Taking inspiration from the global Maker Movement, CAC middle school hosted its 3rd Maker Day on September 22nd. Originating in the US, the Maker Movement is focused around developing fundamental practical skills that people have come to view as unnecessary in a world where we rely on technology and outsource production.
CAC’s design technology teacher Rick Harman coordinates Maker Day, and explains that “We all used to make things. If you got a hole in your sock you would fix it.” In the current generation, though, “a lot of those skills have [been] lost... and it’s kind of disempowering.”
On Maker Day, regular classes are cancelled, and students have the opportunity to engage in purely hands-on learning. At the start of the day, students choose one of five “maker spaces,” with materials ranging from cooking projects to woodwork. The only assignment for the day is to make something.
Harman explains that in the “purest form [of Maker Day], you provide the kids with a space and tools and materials, and they do whatever they feel like.” Students at CAC are encouraged to plan their projects beforehand, but inspirational materials are also provided to help students generate ideas.
On Maker Day, students spend the day coming up with creations that range from wacky to functional to delicious. In the past they have created “some incredible recycled fashions” such as skirts and bags made from old fabric. Other notable creations include a catapult, a sofa made of cardboard, tables, chairs, kites, and Halloween masks.
Middle school faculty members are present to supervise and assist, but students have to develop and realize their creations independently or through collaboration with one another. If students experience problems teachers can “ask them to describe what the problem is and through that description sometimes an understanding eventuates.” Students are encouraged to fail forward. “The first time you try and do something, if it doesn’t work then you think about what happened, and when you start again you do it slightly differently, and gradually you fail your way to success,” Harman explains.
“On the very first day a kid came up to me and said ‘what should I make?’” Harman recalls. “I just said, ‘I’m not going tell you what to make... It’s up to you.’ And, he looked at me a little bit puzzled and went away.” At the end of the day Harman found the student again. “He had made a super creative sculptural piece that was a connection of a range of different materials…. It had some found objects in it. It had a bit of wood, a bit of plastic, a bit of cardboard, and it was a really interesting object.” The student “had engaged in a really proper maker process.”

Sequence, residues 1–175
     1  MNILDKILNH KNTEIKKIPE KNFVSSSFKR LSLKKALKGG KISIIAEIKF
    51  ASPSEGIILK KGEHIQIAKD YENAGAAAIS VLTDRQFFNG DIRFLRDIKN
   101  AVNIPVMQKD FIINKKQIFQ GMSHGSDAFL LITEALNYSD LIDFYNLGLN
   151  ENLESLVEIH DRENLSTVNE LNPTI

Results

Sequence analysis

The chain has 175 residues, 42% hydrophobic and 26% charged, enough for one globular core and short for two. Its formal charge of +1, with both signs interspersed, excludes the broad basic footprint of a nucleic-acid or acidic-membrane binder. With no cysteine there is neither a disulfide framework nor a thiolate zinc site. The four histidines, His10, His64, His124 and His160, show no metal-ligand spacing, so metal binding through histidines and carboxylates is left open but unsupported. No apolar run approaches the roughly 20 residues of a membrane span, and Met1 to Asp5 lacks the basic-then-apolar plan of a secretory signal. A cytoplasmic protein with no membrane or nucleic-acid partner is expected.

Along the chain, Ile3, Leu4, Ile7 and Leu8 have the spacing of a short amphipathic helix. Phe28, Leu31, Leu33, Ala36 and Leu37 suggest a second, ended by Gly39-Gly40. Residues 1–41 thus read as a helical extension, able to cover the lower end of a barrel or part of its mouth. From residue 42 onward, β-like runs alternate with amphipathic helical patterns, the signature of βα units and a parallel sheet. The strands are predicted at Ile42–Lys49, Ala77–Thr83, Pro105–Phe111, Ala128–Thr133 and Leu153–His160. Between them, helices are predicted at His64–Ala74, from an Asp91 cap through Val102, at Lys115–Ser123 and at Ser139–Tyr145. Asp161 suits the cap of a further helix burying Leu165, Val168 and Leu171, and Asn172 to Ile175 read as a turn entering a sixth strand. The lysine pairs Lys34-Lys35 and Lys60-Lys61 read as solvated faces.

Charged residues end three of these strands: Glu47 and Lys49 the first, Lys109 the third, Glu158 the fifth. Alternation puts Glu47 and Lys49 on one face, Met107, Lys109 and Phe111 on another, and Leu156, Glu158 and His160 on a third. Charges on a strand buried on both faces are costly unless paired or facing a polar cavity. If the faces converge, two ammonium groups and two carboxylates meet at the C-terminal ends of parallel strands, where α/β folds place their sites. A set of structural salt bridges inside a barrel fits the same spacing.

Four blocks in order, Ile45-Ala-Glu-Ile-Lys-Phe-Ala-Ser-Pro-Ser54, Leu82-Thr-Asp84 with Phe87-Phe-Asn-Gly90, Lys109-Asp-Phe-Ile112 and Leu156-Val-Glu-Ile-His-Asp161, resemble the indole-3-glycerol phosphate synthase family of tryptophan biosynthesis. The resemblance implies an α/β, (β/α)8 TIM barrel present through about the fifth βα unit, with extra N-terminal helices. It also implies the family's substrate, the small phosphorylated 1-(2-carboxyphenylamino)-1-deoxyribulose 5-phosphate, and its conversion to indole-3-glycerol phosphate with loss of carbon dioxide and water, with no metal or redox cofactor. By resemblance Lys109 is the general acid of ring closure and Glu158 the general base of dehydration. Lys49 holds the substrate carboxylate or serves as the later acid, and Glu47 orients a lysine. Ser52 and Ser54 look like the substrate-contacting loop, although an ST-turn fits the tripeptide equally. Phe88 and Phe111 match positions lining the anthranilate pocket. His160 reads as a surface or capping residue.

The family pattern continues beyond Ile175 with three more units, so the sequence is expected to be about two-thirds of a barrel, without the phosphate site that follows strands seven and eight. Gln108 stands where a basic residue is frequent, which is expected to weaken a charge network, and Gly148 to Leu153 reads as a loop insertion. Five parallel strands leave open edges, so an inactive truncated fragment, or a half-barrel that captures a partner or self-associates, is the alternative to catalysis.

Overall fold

The Maker Movement and Maker Day “[help] people gain those practical skills and see the creative ways that people can apply those skills.” The movement encourages people to “[think] about using our intellect and our minds to shape our world.”
The goals of the Maker Movement also align with CAC’s goals as an educational institution. Maker Day helps CAC fulfil its mission of “developing the whole child… [by catching] those kids who were avoiding design tech and [encouraging] them to engage in maker experiences.”
This experiential learning day is also “about developing thinking, inquiring minds.” On Maker Day, students use a “design-thinking mindset” to see problems, “come up with good creative solutions, and then engage in the building of that solution.
So far students have “[engaged] almost universally [and] enthusiastically with the material and tools and each other” on Maker Days at CAC. The other Maker Days in the 2016-17 school year will be held on February 6th and April 6th. Harman is always looking to expand the types of maker spaces available for students. If you have a hands-on skill that you would like to teach to CAC students during a day of hands-on creative learning, contact Rick Harman at firstname.lastname@example.org to find out how you can participate!